Strong opinions, weakly held

Programmers should study a little economics

So the big news on Twitter among Ruby programmers is that the “hashrocket” operator has been deprecated. For those of you who aren’t Ruby programmers, here’s what that means. If you want to declare a hash literal in Ruby, right now you can do it like this:

my_hash = { :foo => "1", :bar => "2" }

Also, many methods accept hash literals as an argument, so you can do things like this:

url_for :controller => 'posts', :action => 'index'

At some point, that notation will be unsupported, and hash literals will have to declared in a different way.

When the version of Ruby is released that doesn’t support this notation, it will be incompatible with a massive amount of Ruby code. My advice to the Ruby developers would be not to do it. I don’t know what the rationale is for removing it, but the result is going to be lots and lots of servers that are simply never upgraded to that version of Ruby.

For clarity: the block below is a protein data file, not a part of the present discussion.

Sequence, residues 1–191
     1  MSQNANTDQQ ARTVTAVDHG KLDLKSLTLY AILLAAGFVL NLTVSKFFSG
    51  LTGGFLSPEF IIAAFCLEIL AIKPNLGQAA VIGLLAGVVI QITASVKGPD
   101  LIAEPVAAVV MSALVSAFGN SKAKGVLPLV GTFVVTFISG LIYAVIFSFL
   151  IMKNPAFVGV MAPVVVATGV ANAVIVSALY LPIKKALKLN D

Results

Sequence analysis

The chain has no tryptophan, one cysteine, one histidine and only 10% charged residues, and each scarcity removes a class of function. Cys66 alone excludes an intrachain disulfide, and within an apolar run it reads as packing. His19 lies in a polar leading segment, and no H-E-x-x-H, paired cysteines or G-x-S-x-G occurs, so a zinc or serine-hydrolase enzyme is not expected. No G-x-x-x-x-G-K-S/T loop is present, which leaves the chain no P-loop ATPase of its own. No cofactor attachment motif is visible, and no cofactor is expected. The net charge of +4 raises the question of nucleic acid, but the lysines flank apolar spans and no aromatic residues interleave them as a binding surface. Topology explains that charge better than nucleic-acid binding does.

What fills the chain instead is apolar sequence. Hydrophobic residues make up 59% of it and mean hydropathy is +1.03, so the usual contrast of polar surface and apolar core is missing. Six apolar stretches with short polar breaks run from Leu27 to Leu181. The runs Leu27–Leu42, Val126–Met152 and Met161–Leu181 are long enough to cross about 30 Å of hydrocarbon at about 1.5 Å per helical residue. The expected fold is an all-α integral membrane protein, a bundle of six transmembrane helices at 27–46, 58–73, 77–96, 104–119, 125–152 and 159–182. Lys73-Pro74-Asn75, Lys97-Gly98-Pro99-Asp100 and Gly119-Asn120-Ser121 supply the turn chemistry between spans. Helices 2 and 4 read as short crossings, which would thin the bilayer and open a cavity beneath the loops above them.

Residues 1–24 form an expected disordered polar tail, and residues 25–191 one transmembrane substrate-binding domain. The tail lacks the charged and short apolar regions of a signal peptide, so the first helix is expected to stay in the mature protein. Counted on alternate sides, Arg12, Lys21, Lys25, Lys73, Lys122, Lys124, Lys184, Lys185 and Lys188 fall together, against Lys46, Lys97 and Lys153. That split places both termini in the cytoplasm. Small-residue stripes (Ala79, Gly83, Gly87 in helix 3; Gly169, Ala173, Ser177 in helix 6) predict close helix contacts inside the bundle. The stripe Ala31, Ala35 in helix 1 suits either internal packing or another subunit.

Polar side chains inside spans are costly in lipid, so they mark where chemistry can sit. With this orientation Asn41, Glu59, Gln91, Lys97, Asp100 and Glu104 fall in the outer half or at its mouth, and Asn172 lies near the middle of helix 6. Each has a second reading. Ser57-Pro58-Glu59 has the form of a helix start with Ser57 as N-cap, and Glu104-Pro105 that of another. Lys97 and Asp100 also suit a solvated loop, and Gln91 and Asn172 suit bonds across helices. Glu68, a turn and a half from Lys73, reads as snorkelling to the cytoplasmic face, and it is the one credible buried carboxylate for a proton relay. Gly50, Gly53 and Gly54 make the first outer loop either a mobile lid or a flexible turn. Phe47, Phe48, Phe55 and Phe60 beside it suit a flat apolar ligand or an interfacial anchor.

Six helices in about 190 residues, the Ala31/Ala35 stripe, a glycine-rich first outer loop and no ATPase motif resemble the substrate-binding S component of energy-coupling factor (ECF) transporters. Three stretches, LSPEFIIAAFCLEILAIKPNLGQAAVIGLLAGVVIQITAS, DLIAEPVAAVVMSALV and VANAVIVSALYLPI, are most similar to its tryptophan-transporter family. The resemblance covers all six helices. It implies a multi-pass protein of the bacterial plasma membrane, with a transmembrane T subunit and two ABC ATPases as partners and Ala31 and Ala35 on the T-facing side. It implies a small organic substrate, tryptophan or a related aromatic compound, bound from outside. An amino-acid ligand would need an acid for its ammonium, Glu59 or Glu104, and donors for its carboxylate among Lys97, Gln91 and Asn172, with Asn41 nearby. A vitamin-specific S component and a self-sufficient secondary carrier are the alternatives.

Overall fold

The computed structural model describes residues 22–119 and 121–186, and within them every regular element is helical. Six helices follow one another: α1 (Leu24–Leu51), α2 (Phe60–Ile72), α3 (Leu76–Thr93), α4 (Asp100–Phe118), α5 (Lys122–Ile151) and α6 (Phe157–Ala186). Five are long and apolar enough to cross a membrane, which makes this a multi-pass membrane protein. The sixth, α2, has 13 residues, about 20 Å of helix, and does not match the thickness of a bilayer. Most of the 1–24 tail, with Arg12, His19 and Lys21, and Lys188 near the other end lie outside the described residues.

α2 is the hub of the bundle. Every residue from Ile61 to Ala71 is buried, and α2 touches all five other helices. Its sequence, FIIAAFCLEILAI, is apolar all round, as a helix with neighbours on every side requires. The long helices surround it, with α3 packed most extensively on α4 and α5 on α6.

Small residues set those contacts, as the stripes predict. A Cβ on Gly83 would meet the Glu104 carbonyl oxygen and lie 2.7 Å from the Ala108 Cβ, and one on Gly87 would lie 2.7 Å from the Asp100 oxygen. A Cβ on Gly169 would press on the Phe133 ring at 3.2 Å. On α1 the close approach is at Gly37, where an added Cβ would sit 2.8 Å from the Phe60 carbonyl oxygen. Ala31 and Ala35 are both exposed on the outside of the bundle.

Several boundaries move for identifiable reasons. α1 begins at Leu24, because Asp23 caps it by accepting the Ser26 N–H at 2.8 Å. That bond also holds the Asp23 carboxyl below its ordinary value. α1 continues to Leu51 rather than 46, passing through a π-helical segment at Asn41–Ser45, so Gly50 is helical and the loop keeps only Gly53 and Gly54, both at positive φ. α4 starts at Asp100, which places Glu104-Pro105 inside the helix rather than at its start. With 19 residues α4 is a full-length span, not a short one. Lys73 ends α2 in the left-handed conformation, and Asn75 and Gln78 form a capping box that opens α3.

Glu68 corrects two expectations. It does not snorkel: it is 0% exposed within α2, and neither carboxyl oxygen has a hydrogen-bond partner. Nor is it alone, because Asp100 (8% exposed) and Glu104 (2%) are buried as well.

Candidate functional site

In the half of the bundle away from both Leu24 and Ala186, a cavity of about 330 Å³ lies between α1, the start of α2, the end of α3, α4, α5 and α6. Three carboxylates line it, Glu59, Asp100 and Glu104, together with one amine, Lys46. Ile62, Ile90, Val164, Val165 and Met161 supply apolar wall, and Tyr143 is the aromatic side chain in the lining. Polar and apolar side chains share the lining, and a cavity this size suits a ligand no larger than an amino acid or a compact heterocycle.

They should take a lesson from the PHP people. The migration from PHP 4 to PHP 5 has taken forever as a result of much smaller incompatibilities than this one.

Economics tells us that we have to be careful about the incentives that result from our actions. Removing the hashrocket operator creates a strong incentive to leave the Ruby upgrade path.

Update: Sometimes rumors on Twitter are just rumors on Twitter. I don’t see any mention of deprecating the => operator in the Ruby Subversion repository.


  1. But compare with the stuff that chromatic has been ranting about WRT Perl, where there are some incredibly crufty things that have been left around for a long time in the name of not breaking legacy code — insuring that new code that uses those crufty interfaces will get written…

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